O'Reilly's just-released second edition of Database Programming with JDBC and Java describes the Java interfaces that make portable object-oriented access to relational databases possible and offers a robust model for writing applications that are easy to maintain.
The author, George Reese, introduces the JDBC and RMI packages and uses them to develop three-tier applications (applications divided into a user interface, an object- oriented logic component, and an information store). "Since the first edition was released, Java and enterprise computing have become synonymous," says Reese. "JDBC is the very heart of Java's enterprise strategy. While most books teach you the JDBC API, my book aims at teaching you how to use the JDBC API in real enterprise programming. It does this using the latest tools from Java's J2EE platform."
One key contribution of this newest O'Reilly release is a set of patterns that let developers isolate critical tasks like object creation, information storage and retrieval, and the committing or aborting of transactions.
"Database programming has traditionally been a technological Tower of Babel. We are faced with dozens of available database products, and each one talks to our applications in its own private language. If your application needs to talk to a new database engine, you have to teach it (and yourself) a new language. As Java programmers, however, we should not be worrying about such translation issues. Java is supposed to bring us the ability to 'write once, compile once, and run anywhere,' so it should bring it to us with database programming as well. Java's JDBC API gives us a shared language through which our applications can talk to database engines," says Reese.
"Database Programming with JDBC and Java is not just about JDBC," he explains. "You can use it to learn JDBC, but do not expect 300 pages covering the JDBC API. JDBC is not complex enough to use 300 pages unless you use a really big typeface. Putting JDBC into a two-tier or three-tier Java environment, however, is a very complex thing. The first half of the book thus focuses on teaching people JDBC. If all you want is a book on JDBC, the first half is what you are looking for. The second half takes you that extra step and addresses the complexities of real world database programming with JDBC and Java."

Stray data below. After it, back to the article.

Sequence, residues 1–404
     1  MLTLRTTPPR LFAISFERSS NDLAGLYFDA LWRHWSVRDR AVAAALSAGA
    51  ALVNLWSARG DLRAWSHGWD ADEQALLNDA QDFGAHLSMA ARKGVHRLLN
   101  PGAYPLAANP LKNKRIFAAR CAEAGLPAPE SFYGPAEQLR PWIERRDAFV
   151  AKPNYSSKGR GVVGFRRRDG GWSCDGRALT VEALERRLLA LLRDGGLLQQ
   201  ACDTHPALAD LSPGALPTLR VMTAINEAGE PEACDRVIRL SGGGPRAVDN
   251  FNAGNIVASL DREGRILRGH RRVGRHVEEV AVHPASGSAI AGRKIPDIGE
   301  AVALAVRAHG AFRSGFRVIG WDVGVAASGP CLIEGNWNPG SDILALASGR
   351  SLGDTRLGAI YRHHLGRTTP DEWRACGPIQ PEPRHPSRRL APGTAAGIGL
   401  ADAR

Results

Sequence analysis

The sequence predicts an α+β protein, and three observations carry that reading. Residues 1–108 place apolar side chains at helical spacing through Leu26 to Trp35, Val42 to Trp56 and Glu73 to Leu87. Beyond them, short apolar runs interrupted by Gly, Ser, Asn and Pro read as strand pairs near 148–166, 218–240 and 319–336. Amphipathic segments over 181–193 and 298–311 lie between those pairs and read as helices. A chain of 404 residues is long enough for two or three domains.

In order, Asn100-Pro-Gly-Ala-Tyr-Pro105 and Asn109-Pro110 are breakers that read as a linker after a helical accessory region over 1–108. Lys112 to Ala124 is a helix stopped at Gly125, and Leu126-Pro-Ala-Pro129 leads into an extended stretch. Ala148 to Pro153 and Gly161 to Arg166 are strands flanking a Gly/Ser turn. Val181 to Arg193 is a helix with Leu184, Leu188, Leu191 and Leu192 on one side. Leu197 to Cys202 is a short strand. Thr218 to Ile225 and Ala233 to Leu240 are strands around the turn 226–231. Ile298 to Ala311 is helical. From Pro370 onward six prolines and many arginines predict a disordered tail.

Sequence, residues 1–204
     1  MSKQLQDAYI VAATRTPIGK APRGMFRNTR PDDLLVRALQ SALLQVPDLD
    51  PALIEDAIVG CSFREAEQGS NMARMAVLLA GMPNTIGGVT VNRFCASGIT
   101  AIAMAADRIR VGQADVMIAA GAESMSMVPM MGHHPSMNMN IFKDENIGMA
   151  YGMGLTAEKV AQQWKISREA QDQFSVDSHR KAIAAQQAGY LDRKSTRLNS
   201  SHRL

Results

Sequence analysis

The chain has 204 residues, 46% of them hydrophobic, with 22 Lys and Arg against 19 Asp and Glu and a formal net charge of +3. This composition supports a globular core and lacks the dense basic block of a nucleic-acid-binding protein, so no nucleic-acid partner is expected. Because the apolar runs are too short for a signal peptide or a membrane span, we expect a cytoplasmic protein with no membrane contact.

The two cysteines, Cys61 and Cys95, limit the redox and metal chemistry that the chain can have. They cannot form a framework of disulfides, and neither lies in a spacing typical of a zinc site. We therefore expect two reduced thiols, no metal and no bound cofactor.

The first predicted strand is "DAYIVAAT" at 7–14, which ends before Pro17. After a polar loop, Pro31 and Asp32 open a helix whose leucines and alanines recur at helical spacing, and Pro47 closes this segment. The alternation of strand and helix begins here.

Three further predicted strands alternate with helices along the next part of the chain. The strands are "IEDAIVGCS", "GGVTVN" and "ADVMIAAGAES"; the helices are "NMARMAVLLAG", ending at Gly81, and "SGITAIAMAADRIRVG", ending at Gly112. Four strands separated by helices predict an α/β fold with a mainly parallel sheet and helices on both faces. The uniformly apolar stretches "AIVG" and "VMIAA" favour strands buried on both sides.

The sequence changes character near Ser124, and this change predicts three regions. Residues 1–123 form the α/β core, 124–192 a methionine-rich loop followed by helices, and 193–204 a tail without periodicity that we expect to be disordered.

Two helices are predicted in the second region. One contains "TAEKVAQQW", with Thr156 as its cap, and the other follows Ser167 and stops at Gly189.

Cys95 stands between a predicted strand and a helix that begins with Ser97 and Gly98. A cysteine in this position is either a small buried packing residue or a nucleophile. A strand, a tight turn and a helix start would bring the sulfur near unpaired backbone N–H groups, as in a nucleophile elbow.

The second edition, completely updated for JDBC 2.0, includes reference listings for JDBC and the most important RMI classes. It also includes more basics of JDBC and SQL, with more examples, and a deeper discussion about the architecture of a robust, maintainable database application. This new edition also explains the relationship between JDBC and Enterprise JavaBeans.
What critics and readers said about the first edition:
Reader's Choice Special Mention Award from 'Visual Basic Programmers Journal'Online Resources:
"I know it sounds like a cliche, but... 'if you only buy one JDBC book, then this should be the one'! It's **vastly** better than the other 5 that I (unfortunately) purchased before seeing this one, and it's full of real world stuff."
-Thomas J. Lukasik, Buffalo Dataware
"This book is outstanding If you want an excellent framework for three-tier distributed applications that access a database, this book cannot be topped."
"This book will help you become more effective at developing Java database programs. The author expertly teaches the reader to use Java to access relational databases."
-Geoff Choo, Director Solutions WEBzine
"Most people who write about OOP programming have never actually done any of it in the 'real' world. This is painfully obvious since none of their 'customer' examples never other to discuss topics like Locking and Transactions. However, this book does begin to address these topics in some detail, which is rare."
"Worth its weight in gold!! Highly recommended as an introduction to Distributed Computing with JavaMany thanks to the author for such a wonderful book."
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